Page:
Here in the West there are many who feel that the powers of kundalini yoga are nothing but rank superstition. I wish to say that those who cherish this idea are totally mistaken. Even the genuine spiritual Masters have examined kundalini yoga and found in their own experiences the undeniable authenticity of its hidden occult powers.17

The kundalini power is the dynamic power in us. When the dynamic power and the spiritual knowledge go hand in hand, the perfect harmony of the Universal Consciousness dawns and the conscious evolution of the human soul reaches the transcendental Self [godhood].18

Kundalini Awakening
If Kundalini is “the mainstay of all Yoga practices,” as Rieker and other Yoga authorities maintain, the Yoga practitioner must understand clearly what the “kundalini” power is, how “it” operates, and what its effects are.19

Kundalini is a term which in Sanskrit means “coiled.” This “yogic life force” supposedly moves through the chakras (energy centers that are “activated one by one through the breath”20 in the human body in order to bring one into a state of occult enlightenment. According to occult philosophy, Kundalini is a non-physical field of energy that yogis say not only surrounds the physical body but can infuse the body.

Lee Sannella, M.D., a noted Psychiatrist, Ophthalmologist, and cofounder of the Kundalini Clinic in San Francisco, explains in his book The Kundalini Experience: Psychosis or Transcendence:

According to this [tantric] Indian tradition, the kundalini is a type of energy—a “power” or “force” (shakti)—that is held to rest in a dormant, or potential, state in the human body. Its location is generally specified as being at the base of the spine. When this energy is galvanized, “awakened,” [which is done during Yoga], it rushes upward along the central axis of the human body, or along the spinal, to the crown of the head. Occasionally, it is thought to go even beyond the head. Upon arriving there, the kundalini is said to give rise to the mystical state of consciousness, which is indescribably blissful and in which all awareness of duality [separation] ceases.21

For those who have doubts that all Yoga has the capacity to arouse kundalini energy, perhaps one ought to think again. After all, the Yoga postures themselves were designed specifically to receive this serpent power.

Yoga’s Dangers of Psycho-spiritual and Psycho-physical “Emergencies”
Volumes of material could be quoted from regarding the dangers of Yoga, meditation, and other psycho-spiritual and physio-spiritual practices. Modern practitioners—and even medical doctors—are now testifying to the fact that physical dangers associated with practicing Yoga are a reality. In fact, people who have done Yoga for purely “physical exercise” have been spiritually affected to the point of being systematically dismantled by hostile “forces,” over which they have no power. Eastern gurus call this type of Yoga effect “enlightenment,” yet it is anything but that!

In India today, countless millions of Yoga practitioners are influenced by the spirit world, achieving manifold “possession” states and “manifesting” the kundalini-shakti power (also called “serpent power”). It is the same in the West, only it falls under different names and in a Western context. One should note well that it was not until the 19th and early 20th centuries that Yoga was touted as a physio-postural “exercise” in Britain and the USA.22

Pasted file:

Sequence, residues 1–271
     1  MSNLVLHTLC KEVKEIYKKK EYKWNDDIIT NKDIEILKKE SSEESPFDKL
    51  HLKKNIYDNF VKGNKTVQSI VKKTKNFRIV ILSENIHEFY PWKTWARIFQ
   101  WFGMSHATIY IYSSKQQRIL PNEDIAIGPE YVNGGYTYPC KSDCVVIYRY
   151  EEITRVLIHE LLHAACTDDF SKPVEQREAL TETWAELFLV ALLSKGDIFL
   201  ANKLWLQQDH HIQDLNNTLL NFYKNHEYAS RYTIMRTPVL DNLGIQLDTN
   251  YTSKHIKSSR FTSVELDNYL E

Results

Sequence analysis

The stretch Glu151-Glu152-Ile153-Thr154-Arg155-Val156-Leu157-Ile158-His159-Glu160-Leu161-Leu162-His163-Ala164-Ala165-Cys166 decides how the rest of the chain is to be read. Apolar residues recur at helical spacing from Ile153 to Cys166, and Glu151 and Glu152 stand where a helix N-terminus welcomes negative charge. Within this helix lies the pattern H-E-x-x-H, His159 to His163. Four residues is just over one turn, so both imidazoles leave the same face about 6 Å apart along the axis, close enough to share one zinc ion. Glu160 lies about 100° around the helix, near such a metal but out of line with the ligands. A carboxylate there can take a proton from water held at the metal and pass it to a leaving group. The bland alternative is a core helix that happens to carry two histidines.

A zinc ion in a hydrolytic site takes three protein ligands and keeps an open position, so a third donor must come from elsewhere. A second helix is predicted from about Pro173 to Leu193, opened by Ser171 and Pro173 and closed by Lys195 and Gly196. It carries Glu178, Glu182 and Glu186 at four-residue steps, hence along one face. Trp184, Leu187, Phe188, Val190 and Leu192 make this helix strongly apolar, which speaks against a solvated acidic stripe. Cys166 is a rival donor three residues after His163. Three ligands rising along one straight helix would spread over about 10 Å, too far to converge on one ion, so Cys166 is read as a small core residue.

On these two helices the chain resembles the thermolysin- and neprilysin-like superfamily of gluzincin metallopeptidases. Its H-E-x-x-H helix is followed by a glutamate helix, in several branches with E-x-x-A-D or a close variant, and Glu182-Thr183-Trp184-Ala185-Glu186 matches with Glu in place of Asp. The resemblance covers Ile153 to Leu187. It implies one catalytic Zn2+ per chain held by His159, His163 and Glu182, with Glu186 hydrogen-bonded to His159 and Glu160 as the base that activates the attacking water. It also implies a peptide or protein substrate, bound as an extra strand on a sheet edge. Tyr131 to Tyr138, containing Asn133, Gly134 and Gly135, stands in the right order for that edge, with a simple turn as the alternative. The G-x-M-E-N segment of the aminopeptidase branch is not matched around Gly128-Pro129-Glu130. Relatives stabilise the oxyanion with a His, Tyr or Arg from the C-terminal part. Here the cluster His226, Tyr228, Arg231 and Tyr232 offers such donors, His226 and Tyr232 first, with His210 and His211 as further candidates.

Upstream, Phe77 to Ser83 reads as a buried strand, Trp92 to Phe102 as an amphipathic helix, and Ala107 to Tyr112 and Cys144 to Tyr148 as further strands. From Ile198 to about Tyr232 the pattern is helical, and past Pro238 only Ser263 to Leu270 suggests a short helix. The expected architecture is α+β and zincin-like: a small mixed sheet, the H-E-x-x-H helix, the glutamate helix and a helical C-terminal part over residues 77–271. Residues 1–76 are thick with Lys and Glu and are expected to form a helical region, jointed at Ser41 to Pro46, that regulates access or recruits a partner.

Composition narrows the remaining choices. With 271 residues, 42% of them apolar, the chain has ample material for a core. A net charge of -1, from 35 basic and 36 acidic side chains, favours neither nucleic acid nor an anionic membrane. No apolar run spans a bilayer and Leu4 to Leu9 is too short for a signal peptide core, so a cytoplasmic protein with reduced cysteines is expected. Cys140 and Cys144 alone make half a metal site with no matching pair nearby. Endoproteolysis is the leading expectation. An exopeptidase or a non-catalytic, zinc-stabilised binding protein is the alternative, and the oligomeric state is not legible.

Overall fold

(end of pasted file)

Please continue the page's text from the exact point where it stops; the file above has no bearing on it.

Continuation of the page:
The following is a mere sampling of what can occur when the kundalini-shakti “force” is “aroused,” “galvanized,” “awakened,” “summoned,” etc. These “spiritual emergencies” can even occur during Hatha Yoga sessions at the local fitness center. Depending on the teacher (yogi/yogini) one has, you never quite know what you will get.

In Lee Sannella’s book The Kundalini Experience: Psychosis or Transcendence, Sannella tells how the “Physio-Kundalini” experience is “a dramatic occurrence . . . culminating [in a] state of ecstatic unification.”23 He adds:

[T]he kundalini causes the central nervous system to throw off stress . . . usually associated with the experience of pain . . . It appears to act of its own volition, spreading through the entire psychophysiological system to affect its transformation.24

[T]he kundalini produces the most striking sensations . . . the “heat” generated by “friction” of the kundalini . . . causes turbulence, which may be experienced as painful sensations . . . spontaneous bodily movements, shifting somatic sensations.25

Amongst other kundalini symptoms, “spiritual emergency” scenarios26 and numerous case studies of destructive kundalini manifestations, Sannella mentions Swami Narayanananda, author of “the first detailed book on the kundalini experience.”27 Sannella notes that Narayanananda’s book:

. . . distinguished between a partial and a full arousal of the kundalini energy. Whereas partial arousal can lead to all kinds of physical and mental complications, only the kundalini’s complete ascent to the center at the crown of the head will awaken the true impulse to God-realization, or liberation, and bring about the desired revolution in consciousness. Only then can the body-mind be transcended in the unalloyed bliss of enlightenment.28

Narayanananda catalogued a listing of sensations and experiences that occur as kundalini symptoms. Sannella summarizes some of these:

* There is strong burning, first along the back and then over the whole body.
* The kundalini’s entrance into the central spinal canal, called sushuma, is attendant with pain.
* When the kundalini reaches the heart, one may experience palpitations.
* One feels a creeping sensation from the toes, and sometimes the whole body starts to shake. The rising sensation may feel like an ant crawling slowly up the body toward the head, or like a snake wiggling along, or a bird hopping from place to place, or like a fish darting through calm water, or like a monkey leaping to a far branch.29